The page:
The Value of Domain Expertise: Football By Football

One of the “old chestnuts” I heard when I started to consort with project management professionals was the “functional vs. project skills” chestnut. I used to hear from many project pros that all that was really needed for project leadership success was command of the project management body of knowledge (PMBOK). But as the quote from the PMBOK Guide (3rd edition) in the post suggests, the full PMBOK itself is just one element of what must be understood and used.

To that point, a new football blog — American football, for my international readers — is all-in on the value of “functional” knowledge. Football By Football started at the beginning of the 2014 National Football League season, and it lays out its strategy on the home page:

FootballByFootball.com is a football analysis website providing unique player-writer generated content; owned & operated by experienced football players.

Experience counts immensely—especially in analyzing the world’s most complex sport. A tiny percentage of the writing population has football experience. This is a disparity we aim to change.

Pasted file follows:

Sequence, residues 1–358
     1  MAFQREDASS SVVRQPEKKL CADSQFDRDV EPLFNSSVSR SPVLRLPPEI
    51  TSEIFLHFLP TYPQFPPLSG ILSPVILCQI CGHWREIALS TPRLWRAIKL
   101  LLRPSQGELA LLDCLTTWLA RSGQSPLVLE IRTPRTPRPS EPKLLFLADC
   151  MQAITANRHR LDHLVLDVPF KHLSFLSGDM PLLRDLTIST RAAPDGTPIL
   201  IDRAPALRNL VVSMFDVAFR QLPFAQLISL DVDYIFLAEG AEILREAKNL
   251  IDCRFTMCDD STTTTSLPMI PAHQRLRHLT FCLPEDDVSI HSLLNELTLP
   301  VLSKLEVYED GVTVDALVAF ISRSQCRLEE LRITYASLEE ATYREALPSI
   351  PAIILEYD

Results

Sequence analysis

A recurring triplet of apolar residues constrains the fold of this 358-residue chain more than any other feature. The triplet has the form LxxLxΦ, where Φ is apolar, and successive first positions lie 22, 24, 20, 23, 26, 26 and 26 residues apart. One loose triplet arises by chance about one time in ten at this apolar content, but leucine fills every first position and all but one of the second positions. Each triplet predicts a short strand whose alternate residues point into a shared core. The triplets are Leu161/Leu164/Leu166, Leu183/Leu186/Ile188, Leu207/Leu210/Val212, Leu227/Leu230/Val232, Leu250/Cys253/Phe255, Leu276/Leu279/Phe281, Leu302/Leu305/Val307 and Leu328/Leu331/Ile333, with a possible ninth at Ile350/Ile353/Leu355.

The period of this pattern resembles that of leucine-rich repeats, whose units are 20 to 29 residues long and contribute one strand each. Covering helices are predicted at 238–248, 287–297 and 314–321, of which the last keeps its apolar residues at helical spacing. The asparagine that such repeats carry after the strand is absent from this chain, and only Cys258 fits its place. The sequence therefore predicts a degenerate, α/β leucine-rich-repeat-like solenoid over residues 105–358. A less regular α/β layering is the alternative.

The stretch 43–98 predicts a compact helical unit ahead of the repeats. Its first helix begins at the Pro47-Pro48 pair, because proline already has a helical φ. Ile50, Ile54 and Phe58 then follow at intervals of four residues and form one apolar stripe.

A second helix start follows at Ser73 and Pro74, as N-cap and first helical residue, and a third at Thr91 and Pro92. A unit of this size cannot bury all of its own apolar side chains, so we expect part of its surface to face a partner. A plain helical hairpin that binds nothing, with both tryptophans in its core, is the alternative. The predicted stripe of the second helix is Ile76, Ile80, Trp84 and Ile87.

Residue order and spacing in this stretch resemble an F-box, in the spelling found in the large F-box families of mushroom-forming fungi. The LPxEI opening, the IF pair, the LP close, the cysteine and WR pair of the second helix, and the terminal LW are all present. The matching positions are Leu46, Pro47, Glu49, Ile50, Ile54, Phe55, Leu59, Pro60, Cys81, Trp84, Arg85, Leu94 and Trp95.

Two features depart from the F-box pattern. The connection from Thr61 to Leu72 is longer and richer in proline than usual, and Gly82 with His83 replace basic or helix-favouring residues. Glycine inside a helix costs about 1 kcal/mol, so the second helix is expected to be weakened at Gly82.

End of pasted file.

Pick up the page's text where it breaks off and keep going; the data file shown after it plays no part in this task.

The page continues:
Football fans crave insight. So, when the world orders a steak, you don’t butcher a chicken.

A great, but subtle, example of the site’s value is a recent post on the “Best Way To Spend Your Bye Week.” The bye week — a week off during the regular season — is a relatively recent innovation in the NFL schedule. I had no real idea of what the players did during the bye — I’m a family guy, so Chris Snee’s account of home time resonated — but the other two vignettes had a couple of “Aha!” moments.

Drew Bennett noted that many players don’t get time off if they are injured and unavailable for practice. The time off was so alluring that walking wounded would rise from their beds, so:

that final practice before the break begins is a riot. You see guys that were on crutches Monday hobbling through pass rush drills. You may see a receiver with a cracked wrist catching passes. You could see someone who barely made it through a meeting with back pain lined up for conditioning.

Matt Chatham highlighted that one’s itinerary during the bye week is a non-obvious choice. Perhaps there’s more structure now, but as I read his piece I realized that the bye week only started in 1990. I doubt that there was a good idea of what to do with that time off, at least not for a while. After all, any downtime was balanced by the fact that the season would resume — in midseason. The players had to jump right back into their midseason mindsets, or risk a loss (or a string of losses). Every game, practice, and event is magnified in the NFL: there are only 16 games and one or two losses can doom a season. Chatham realized that the way his first approaches to his bye week affected his mindset: